Often times, these type of tracks are instrumental and just provide a mood. Generally, this is referred to as “production music” or library music. You can read an excellent article on library music from Dan Graham at SoundOnSound.

Make Money As A Musician

10) Perform On a Street Corner For Money (Busking)

Here’s another solid way to make money as a musician.

Busking is literally how I made extra money in college. I played in a brass band and on Saturday mornings, we would visit a popular farmers market and play for people on the street.

We would usually split a good chunk of cash and come home with $100 each for just a few hours!

11) Become an Affiliate for Music Companies

Like I mentioned earlier in #4, affiliate marketing is huge right now. You can make big money promoting your favorite products online.

For example, you can join the Amazon Associates program, find products you actually use on Amazon.com, create review videos on YouTube, and generate money from affiliate links inside your video’s description. Pretty awesome.

12) Create an Awesome Music Blog That Helps Other Musicians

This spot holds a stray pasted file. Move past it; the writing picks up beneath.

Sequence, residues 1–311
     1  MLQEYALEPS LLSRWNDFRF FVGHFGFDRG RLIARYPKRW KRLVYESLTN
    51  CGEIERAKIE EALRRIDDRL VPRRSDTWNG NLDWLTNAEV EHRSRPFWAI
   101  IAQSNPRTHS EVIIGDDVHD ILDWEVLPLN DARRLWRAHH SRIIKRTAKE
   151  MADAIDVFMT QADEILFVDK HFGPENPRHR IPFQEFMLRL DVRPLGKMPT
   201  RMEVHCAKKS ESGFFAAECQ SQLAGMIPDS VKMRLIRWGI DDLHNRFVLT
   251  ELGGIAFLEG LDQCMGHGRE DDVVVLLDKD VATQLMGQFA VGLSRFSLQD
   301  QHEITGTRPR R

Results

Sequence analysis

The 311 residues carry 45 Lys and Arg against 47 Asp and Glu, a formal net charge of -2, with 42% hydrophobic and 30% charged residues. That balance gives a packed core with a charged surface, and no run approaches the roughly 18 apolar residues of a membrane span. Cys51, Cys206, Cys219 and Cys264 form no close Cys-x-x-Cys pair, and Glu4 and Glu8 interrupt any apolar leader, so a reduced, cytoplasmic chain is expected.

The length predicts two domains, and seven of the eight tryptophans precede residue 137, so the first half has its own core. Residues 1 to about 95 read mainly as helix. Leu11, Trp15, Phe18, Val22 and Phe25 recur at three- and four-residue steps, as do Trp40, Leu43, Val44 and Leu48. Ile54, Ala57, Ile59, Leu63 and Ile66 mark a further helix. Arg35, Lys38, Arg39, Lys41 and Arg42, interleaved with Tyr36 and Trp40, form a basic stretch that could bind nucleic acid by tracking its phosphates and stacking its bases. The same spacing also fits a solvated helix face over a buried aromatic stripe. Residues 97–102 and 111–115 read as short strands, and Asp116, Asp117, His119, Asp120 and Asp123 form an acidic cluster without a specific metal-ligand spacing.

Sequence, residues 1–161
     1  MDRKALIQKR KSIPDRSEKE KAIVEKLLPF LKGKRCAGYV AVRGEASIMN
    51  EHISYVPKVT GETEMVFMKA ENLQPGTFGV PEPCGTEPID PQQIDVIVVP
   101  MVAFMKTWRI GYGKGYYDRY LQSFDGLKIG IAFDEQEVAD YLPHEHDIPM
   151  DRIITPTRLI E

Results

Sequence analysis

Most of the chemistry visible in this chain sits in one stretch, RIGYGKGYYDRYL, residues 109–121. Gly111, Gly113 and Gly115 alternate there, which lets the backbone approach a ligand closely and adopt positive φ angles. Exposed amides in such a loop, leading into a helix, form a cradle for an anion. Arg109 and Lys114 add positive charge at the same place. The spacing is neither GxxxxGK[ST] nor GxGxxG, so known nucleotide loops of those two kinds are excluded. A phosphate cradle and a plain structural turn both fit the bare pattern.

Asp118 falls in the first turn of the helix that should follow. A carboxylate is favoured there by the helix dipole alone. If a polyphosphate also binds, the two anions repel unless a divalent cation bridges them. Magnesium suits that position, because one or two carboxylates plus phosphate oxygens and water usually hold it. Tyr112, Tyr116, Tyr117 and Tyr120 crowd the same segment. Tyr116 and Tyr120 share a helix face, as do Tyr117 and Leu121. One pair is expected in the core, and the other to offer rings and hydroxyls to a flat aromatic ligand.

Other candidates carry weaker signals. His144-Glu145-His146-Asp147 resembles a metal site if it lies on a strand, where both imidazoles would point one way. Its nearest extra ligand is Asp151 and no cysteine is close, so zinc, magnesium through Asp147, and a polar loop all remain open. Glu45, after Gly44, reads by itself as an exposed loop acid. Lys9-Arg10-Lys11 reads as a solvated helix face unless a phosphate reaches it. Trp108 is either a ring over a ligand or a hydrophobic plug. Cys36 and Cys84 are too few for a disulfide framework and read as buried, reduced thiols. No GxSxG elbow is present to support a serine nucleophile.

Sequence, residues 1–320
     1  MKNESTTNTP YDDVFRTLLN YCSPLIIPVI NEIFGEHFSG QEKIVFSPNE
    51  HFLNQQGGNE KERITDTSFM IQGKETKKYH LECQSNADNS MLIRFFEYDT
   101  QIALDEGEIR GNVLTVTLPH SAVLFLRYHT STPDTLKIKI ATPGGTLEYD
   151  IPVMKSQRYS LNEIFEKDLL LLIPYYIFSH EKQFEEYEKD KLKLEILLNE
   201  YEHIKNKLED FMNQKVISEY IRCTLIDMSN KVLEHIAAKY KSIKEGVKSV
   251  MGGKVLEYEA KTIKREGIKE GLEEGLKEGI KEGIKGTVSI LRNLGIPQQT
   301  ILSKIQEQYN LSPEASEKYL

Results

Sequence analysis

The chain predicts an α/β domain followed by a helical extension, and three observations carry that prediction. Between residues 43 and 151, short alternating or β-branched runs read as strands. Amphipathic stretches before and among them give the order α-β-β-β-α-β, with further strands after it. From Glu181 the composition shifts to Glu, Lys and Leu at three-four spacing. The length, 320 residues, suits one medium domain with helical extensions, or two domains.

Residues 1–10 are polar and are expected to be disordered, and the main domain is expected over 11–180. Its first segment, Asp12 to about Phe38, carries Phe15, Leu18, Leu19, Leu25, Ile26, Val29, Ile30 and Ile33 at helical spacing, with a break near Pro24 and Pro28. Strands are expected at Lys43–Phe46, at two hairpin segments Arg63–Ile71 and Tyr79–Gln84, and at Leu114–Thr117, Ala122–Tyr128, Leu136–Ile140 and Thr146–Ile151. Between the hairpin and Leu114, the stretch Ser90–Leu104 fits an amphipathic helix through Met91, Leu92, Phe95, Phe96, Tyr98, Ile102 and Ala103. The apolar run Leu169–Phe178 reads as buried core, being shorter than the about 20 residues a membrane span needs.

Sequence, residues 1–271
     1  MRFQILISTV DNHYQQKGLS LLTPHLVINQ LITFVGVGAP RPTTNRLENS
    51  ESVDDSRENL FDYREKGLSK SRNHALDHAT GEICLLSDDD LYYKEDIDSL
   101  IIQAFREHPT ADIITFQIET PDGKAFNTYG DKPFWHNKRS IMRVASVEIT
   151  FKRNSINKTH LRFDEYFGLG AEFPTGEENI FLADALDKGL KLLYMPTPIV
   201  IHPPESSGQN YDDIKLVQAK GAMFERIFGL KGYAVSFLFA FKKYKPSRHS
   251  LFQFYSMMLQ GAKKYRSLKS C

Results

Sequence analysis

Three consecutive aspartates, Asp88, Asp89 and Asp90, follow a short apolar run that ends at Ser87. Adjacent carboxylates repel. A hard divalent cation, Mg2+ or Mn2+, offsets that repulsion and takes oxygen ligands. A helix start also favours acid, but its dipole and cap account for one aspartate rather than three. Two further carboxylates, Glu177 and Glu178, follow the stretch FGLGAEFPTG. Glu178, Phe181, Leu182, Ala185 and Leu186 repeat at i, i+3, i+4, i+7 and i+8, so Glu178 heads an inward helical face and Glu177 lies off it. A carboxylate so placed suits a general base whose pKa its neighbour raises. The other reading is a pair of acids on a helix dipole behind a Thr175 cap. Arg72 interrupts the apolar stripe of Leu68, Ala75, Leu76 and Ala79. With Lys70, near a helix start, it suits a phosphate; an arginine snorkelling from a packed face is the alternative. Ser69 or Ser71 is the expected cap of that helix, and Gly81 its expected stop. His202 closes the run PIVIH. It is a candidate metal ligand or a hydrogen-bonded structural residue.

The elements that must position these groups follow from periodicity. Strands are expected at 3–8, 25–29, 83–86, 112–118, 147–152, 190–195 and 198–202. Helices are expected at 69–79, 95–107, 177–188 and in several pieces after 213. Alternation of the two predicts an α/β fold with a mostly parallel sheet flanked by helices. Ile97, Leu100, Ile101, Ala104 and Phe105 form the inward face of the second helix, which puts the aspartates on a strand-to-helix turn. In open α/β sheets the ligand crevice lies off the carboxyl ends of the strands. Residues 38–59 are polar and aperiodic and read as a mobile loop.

This is somewhat my approach, as I do write lots of informative articles, but I also do a bunch of product reviews. I like to keep it pretty balanced, as I don’t want this website to be only reviews, despite the name being Drumming Review.

Quality blogs can get a lot of traffic if you’re a good writer! You can make decent money off of ad revenue and affiliate links, like I mentioned in #11!

13) Work As a Studio Musician

If you don’t live in Los Angeles, New York, or Nashville, this one is going to be pretty tough. Although you can work through an online platform like SoundBetter.com, being in a physical location is always better.

Working as a studio musician can be very rewarding and can lead to more and more gigs as you get started. According to Chron, a studio musician makes an average-annual salary of $64,979 at the entry-level.

I don’t totally buy this number, as you’re basically a freelancer. However, it does seem that there is money to be made!

Cut Expenses

Some of the best ways to make money are often overlooked. In fact, saving money and cutting expenses can make a large impact in your monthly income. For example, my last wireless plan with AT&T was costing me $114 per month. I recently switched to Mint Mobile and now pay only $15 a month.

I was worried that the service would be bad, but so far it has been great. What a relief it has been.

Do you do any side hustles like the ones we listed to make money as a musician? Let us know in the comments and also, let us know if we missed anything.


Contributions from Drumming Review Staff are from drummers and percussionists with a variety of different backgrounds, both professional and amateur. Interested in making a contribution? Click on 'Contact Us' at the bottom right of the page.